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Hockey lockout? Nyet! - ajc.com
AJC staff writer John Manasso is in Russia to track the Thrashers' Ilya Kovalchuk and other NHL players who have gone overseas to play during the NHL lockout.
Great players, great game, great trip
I leave Moscow in a few hours and, I have to say, it's been a great trip. Last night in an excellent game I saw Voskresensk defeat Kazan 3-2.
Voskresensk is an industrial city about 70 miles from Moscow, which is about a two-hour drive considering all of the traffic that endlessly chokes transportation in Moscow. The team is named for a local chemical plant, Kimik, and the town is kind of like one of those tiny western Pennsylvania mill towns that used to produce so many famous NFL football players.
The people there love their hockey. The inside of the newly renovated Podmoskovye (suburban Moscow) Ice Palace is a shrine to local hockey. Trophy cases show pictures of the city's all-time greats, some of the greatest players in the history of Russian hockey: Igor Larionov, Alexander Ragulin (who played against Canada in the '72 Summit Series), Slava Kozlov, Valeri Zelepukin, Valeri Kamensky, Andre Lomakin. There's a picture there of Kozlov shaking hands with Bill Clinton at the White House after the Red Wings won the Stanley Cup.
The team has a very modest payroll and only two foreigners on its team, including Latvian goalie Peter Skudra (formerly of Pittsburgh and Boston). Kimik trailed 2-0 entering the third period after goals by Ruslan Salei and Brad Richards, who assisted on Salei's goal. A first-period goal by Vincent Lecavalier was disallowed after a lengthy review after Lecavalier and Ilya Kovalchuk raced down the ice on a 2-on-1.
But Voskresensk rallied when Andre Dylevsky beat Nikolai Khabibulin with a slapshot from behind the red line, almost 100 feet away. That got the crowd into it, chanting "VOS-KRE-SENSK!"
Andre Potaychuk tied the game after converting a rebound on a shot by Sergei Brylin (New Jersey) two and a half minutes later. Then the crowd went into a frenzy when the aging Kamensky, who won the Stanley Cup with Colorado, tipped in a rebound over Khabibulin's pad with 1:15 left in regulation. Slava Kozlov took two stabs at the rebound first before Kamensky knocked it in.
Kozlov was excited after the game, as Voskresensk moved into seventh place with the win and that puts the team into playoff position. He said he misses his family back in Atlanta (although his parents and sister live in Voskresensk) and will play on Dec. 13 in an All-Star game honoring Larionov's retirement at age 42 after playing his final season with the New Jersey Devils last season.
It's been a great trip. I'll enjoy writing these stories -- and being
home, where minus-3 Celsius is a cold day and not a reason to celebrate,
as was yesterday in Moscow.
I did my best imitation last night of Bill Murray in "Lost in Translation" for the second night in a row. (Not the Scarlett Johansson part; the insomnia part.) Turkish channels, Italian channels, German channels, Russian channels and, oh, yes, BBC World -- none of them could help.
At least I'm back safely from my flight on Siberian Airlines and arrived in Moscow where it's supposed to be 10 degrees warmer, but snowing. I learned that Butch Davis and Tyrone Willingham are out of jobs and that the Hawks lost again after a relative sports blackout. Relative, that is, because if I saw one more Bundesliga score on TV in Kazan, I was going to give up on sports forever. Well, not really.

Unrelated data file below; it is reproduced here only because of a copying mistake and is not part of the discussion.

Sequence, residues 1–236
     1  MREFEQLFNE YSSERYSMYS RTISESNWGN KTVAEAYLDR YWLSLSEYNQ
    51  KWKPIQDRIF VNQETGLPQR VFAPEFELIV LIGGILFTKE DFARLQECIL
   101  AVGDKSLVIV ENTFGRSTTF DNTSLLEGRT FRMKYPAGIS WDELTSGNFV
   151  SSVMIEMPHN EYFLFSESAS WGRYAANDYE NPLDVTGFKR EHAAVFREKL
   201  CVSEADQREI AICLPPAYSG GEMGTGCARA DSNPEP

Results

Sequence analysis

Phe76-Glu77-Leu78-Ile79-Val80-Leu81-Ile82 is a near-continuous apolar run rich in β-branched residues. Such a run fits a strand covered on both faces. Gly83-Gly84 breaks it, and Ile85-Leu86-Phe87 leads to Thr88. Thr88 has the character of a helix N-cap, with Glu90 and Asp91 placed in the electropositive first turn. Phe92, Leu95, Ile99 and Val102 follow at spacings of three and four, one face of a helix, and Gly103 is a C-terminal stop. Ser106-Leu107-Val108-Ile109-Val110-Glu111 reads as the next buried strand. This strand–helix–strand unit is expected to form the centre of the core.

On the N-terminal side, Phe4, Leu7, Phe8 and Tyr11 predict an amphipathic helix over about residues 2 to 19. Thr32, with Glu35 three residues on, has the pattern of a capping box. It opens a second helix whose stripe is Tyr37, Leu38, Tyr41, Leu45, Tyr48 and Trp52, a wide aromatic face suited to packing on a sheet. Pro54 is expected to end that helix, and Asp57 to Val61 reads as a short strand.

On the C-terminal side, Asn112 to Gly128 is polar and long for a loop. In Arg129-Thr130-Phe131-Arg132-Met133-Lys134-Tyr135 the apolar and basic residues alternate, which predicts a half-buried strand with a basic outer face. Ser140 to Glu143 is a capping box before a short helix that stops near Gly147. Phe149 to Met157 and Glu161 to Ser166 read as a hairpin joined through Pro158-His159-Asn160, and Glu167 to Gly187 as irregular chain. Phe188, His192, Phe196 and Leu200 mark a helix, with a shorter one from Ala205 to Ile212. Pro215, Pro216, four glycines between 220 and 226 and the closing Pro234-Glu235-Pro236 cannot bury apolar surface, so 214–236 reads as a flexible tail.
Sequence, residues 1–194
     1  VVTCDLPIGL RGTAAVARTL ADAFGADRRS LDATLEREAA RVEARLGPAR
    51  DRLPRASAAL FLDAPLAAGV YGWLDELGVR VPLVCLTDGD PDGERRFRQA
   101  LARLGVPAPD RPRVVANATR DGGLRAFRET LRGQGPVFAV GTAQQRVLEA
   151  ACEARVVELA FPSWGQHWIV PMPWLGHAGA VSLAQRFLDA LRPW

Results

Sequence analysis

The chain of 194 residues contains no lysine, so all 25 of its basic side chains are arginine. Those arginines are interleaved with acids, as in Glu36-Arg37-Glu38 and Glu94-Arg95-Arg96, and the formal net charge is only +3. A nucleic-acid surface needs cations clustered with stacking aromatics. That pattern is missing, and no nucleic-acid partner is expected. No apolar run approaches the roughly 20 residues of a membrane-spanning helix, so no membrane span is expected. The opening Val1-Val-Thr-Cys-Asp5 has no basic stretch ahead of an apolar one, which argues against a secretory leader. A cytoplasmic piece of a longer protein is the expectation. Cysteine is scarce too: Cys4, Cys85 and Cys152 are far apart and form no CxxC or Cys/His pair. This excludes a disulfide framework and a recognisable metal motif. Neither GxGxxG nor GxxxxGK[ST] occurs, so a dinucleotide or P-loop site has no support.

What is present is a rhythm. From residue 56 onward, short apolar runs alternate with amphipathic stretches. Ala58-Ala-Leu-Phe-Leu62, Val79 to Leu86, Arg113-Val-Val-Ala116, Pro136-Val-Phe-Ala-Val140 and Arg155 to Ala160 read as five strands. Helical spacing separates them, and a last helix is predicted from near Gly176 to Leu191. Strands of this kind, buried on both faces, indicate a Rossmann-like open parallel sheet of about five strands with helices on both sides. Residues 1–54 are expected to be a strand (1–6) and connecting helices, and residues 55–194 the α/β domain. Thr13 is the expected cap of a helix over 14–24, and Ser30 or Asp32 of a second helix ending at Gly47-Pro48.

Unfortunately, there are no Super League games tonight in Moscow, so I'll have to wait until traveling the 80 kilometers tomorrow to the industrial city of Voskresensk, the hometown of Thrashers left wing Slava Kozlov, who is now playing for the team.
After Tuesday's game in Kazan, there was some optimism among the players about a possible end to the lockout. Defenseman Darius Kasparaitis spoke of a "scoop" without being any more specific. Another possible source of optimism was a read-between-the-lines comment by NHL chief legal officer Bill Daly, which, to paraphrase, said that any new union proposal would be a welcome step. Could the owners be moving off their demand for a salary cap? Who knows, but the players are expected to make a proposal soon, as has been hinted at in several published reports, and that might be the source of some negotiations. It has been almost three months since the sides last talked.
Here's another little surprising note from the Super League: Guess who the leading scorers in the league are? Perhaps not the big names you might expect: Pavel Rosa, a Los Angeles Kings prospect, Alexander Frolov, a young Kings player, and Alexei Morozov, a restricted free agent who belongs to the Pittsburgh Penguins but is committed to an entire season in Russia.
I'll see if I can provide an update tomorrow about the Voskresensk-Kazan
If last night is any indication of what the Russian Super League is usually like, then fans here get to watch quite a good product. One local writer called Tuesday's game between Dynamo Moscow and Kazan "the biggest game of the year so far." About midway through their 60-game schedule, Dynamo is in first place and Kazan entered in third. Living up to its billing, the game ended with a controversial ending involving the home team and Ilya Kovalchuk.
To me, it's one sign of the quality of the non-NHL players. In a game with NHL stars like Pavel Datsuyk, Martin Havlat, Ilya Kovalchuk, Vincent Lecavalier and Brad Richards, Alexei Kovalev was the only NHL player who scored.
Dynamo scored at 2:13 of the first period on a slapshot by Konstantin Romanov that Kazan goalie Nikolai Khabibulin (Tampa Bay Lightning) had trouble with. Alexei Kovalev evened it for Kazan six minutes later when a pass deflected in.